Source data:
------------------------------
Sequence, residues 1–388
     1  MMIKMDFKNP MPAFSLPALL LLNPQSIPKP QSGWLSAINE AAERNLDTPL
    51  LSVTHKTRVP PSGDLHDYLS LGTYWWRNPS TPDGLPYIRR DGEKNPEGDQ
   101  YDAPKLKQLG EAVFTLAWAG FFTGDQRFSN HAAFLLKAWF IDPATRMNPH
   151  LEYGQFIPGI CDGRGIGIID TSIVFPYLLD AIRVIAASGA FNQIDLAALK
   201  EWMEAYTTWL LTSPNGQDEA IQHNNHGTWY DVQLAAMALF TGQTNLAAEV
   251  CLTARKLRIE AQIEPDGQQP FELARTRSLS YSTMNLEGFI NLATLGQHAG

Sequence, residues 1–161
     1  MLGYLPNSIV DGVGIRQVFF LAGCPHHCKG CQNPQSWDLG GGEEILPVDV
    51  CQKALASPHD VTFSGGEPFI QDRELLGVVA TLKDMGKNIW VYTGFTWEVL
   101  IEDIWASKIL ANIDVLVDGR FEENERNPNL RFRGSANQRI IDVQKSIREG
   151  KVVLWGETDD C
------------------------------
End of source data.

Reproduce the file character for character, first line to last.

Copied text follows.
Sequence, residues 1–388
     1  MMIKMDFKNP MPAFSLPALL LLNPQSIPKP QSGWLSAINE AAERNLDTPL
    51  LSVTHKTRVP PSGDLHDYLS LGTYWWRNPS TPDGLPYIRR DGEKNPEGDQ
   101  YDAPKLKQLG EAVFTLAWAG FFTGDQRFSN HAAFLLKAWF IDPATRMNPH
   151  LEYGQFIPGI CDGRGIGIID TSIVFPYLLD AIRVIAASGA FNQIDLAALK
   201  EWMEAYTTWL LTSPNGQDEA IQHNNHGTWY DVQLAAMALF TGQTNLAAEV
   251  CLTARKLRIE AQIEPDGQQP FELARTRSLS YSTMNLEGFI NLATLGQHAG

Sequence, residues 1–161
     1  MLGYLPNSIV DGVGIRQVFF LAGCPHHCKG CQNPQSWDLG GGEEILPVDV
    51  CQKALASPHD VTFSGGEPFI QDRELLGVVA TLKDMGKNIW VYTGFTWEVL
   101  IEDIWASKIL ANIDVLVDGR FEENERNPNL RFRGSANQRI IDVQKSIREG
   151  KVVLWGETDD C